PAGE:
Research shows serious promise for LSD derivatives as a mental health treatment in the fight against chronic depression
When it comes to mental health treatment, the options are pretty limited — especially for certain people. After all, nearly one-third of people suffering from depression don’t respond to the treat-ments that are currently available. And living with depression can be pretty darn awful, so something needs to be done about it.
In other words, there’s a great need for a safe and effective drug to help treat people who are resistant to what is currently available. And, it looks like there may be hope in the most unlikely of places.
It has long been hypothesized that psychedelics may be one key to treating depression. Not only is there plenty of anecdotal evidence, but there’s scientific evidence, too.
Ketamine has become a common choice for treating certain types of depression, and there are numerous research studies being conducted to de-termine whether LSD, ecstasy, or other compounds would be effective as well.
And, the results of most studies have been promising. For example, a recent research study found that when de-pressed mice are given substances like ketamine, LSD, or psilocybin and placed in uncomfortable or life-threatening situations, they will actually fight much lon-ger to survive than the depressed mice that are not on any of these substances.
And, what’s more is that psychedelics may not even need to get you high to do the job.
According to a recent peer-reviewed study published by the Journal of Nature, researchers have identified two compounds that activate the same brain receptor as LSD — but they do not produce the hallucinogenic effects. That study shows promising potential when it comes to the treatment of mental health conditions.
The research completed during this study revealed that the psychedelic-like substances actually reduced the symp-toms of depression and anxiety in mice, and they did so without any indicators that the mice were high.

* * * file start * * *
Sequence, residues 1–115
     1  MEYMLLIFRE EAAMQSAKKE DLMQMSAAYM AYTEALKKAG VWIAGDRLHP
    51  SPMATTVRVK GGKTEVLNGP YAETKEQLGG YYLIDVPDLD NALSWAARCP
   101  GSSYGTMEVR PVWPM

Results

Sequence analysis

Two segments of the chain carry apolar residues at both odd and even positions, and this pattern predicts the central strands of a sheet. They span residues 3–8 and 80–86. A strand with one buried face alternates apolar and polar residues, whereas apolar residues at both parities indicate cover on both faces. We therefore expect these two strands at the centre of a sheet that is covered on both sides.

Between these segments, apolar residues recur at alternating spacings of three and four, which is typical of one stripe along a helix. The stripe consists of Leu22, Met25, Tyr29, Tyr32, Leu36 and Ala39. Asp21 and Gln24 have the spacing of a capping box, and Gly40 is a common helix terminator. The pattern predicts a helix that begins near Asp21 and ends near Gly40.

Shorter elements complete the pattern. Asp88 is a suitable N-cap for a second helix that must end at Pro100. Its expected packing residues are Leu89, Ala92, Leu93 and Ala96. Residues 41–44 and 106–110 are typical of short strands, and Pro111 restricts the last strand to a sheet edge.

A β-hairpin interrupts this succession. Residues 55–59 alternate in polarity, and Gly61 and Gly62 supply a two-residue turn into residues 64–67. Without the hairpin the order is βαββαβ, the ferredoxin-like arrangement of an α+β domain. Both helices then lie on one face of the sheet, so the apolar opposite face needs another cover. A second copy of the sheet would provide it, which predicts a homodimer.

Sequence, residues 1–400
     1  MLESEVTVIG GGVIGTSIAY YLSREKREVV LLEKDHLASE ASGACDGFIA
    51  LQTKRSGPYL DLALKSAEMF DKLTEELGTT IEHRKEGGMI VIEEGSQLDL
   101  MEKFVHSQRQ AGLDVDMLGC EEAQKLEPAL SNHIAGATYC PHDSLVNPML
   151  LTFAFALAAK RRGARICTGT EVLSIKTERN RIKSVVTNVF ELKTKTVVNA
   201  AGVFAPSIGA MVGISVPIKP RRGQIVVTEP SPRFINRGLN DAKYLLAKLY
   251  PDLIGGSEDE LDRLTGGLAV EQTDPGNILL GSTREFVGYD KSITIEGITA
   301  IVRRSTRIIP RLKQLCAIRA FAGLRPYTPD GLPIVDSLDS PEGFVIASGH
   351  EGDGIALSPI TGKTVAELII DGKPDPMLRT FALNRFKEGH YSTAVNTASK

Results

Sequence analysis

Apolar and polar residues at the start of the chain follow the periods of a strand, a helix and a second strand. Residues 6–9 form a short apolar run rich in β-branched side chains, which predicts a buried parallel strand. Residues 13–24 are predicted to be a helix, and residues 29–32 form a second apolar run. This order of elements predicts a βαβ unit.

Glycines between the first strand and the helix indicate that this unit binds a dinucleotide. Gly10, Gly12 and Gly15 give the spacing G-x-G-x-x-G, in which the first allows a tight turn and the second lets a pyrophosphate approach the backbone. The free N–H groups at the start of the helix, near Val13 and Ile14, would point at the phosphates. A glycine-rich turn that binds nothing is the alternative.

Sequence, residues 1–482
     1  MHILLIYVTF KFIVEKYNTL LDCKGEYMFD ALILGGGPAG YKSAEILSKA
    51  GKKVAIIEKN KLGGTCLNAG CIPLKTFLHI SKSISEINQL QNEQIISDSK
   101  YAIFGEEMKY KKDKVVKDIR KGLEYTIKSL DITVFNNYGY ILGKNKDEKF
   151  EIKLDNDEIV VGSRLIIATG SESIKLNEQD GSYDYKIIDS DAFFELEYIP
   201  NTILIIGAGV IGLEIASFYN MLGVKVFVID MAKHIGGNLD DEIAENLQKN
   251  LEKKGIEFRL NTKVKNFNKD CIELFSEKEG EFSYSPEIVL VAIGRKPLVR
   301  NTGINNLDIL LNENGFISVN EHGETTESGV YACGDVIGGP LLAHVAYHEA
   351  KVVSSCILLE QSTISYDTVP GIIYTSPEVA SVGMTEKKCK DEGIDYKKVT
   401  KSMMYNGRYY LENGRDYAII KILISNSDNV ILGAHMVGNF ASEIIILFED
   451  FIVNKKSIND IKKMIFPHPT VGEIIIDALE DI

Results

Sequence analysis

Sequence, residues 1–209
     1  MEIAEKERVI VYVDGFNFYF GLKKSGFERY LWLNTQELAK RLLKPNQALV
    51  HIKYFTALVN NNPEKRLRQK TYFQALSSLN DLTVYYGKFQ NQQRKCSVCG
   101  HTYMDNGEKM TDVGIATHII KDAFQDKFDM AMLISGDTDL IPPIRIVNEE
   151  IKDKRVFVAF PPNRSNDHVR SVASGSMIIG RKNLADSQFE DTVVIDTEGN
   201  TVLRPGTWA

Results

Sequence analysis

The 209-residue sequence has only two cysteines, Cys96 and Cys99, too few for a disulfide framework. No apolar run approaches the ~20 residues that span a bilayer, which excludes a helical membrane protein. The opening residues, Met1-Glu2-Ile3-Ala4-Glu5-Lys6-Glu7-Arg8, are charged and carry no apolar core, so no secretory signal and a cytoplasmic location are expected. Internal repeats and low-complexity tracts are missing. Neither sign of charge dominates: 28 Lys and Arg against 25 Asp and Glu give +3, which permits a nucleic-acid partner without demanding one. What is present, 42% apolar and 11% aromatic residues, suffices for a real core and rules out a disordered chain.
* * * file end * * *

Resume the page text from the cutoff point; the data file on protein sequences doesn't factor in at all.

So how do scientists know if a mouse is tripping on psychedelics? Well, they have a funny way of determining wheth-er a mouse is high or not. To do so, they simply look at the mouse’s nose. If it’s twitching, they’re tripping.
And that’s precisely what research-ers did during this study as well. They examined the behavioral effect of these compounds on the mouse models.
The LSD mice were dosed with produced head twitching and increased locomotor activity as expected. But when the two psychedelic-like com-pounds were induced, researchers saw low levels of head twitching, but it did not result in any excessive locomotion.
This alone is a significant discovery due to the potential for treating millions of people who are suffering from de-pression but don’t want to take a trip. And, for those who aren’t trip-averse, a clear confirmation that psychedelics can help treat certain types of depression also may also be beneficial — especial-ly if they want to stay away from the typical big pharma options their doctors present them.
That said, at least one of the re-searchers who helped to author this study thinks it’s highly unlikely for the particular compounds that were used in the study to make it to clinical trials — but the researcher does believe that similar compounds could potentially make their way into trials in the future.
One of the major goals of this type of research is to find a substance that maintains the antidepressant and anxiolytic properties of psychedelics, but without the classic hallucinogenic effect of LSD and psilocybin. Studies have shown that antidepressant effects of drugs like LSD and psilocybin can take effect almost immediately and last for up to a year — which could ultimately be a huge improvement over the current treatment options.
And, if there comes a time when patients are able to experience the same antidepressant benefits of psychedelics without the trip, it could be a very promising option.
Aside from the potential benefits to patients, there are several other ben-efits to finding these types of non-psy-chedelic treatments for depression. One of the major benefits is that non-psy-chedelics do not require the expensive staffing, space, or safety protocols that are required for psychedelic treatments. That could mean that the treatment is cheaper when there’s no psychedelic component — which would open the treatment option up to more patients.
There has been a significant uptick in public interest regarding psyche-delic treatments for depression, and a number of studies have already outlined some of the benefits of using psyche-delics in the treatment of mental health issues.
For starters, research from Johns Hopkins Medicine recently showed that treatment with psilocybin helped to relieve major depressive disorder symp-toms in adults for up to a month. And, the compound reduced depression-like symptoms at 20-fold lower doses than Prozac. What’s more is that the effects the compounds had on depressive symptoms lasted up to 14 days after a single dose.
A similar study completed in 2020 also resulted in some success when using derivatives of ibogaine in mice. That study showed evidence of ibo-gaine having antidepressant properties without the mice displaying symptoms that they were experiencing any of the hallucinogenic effects.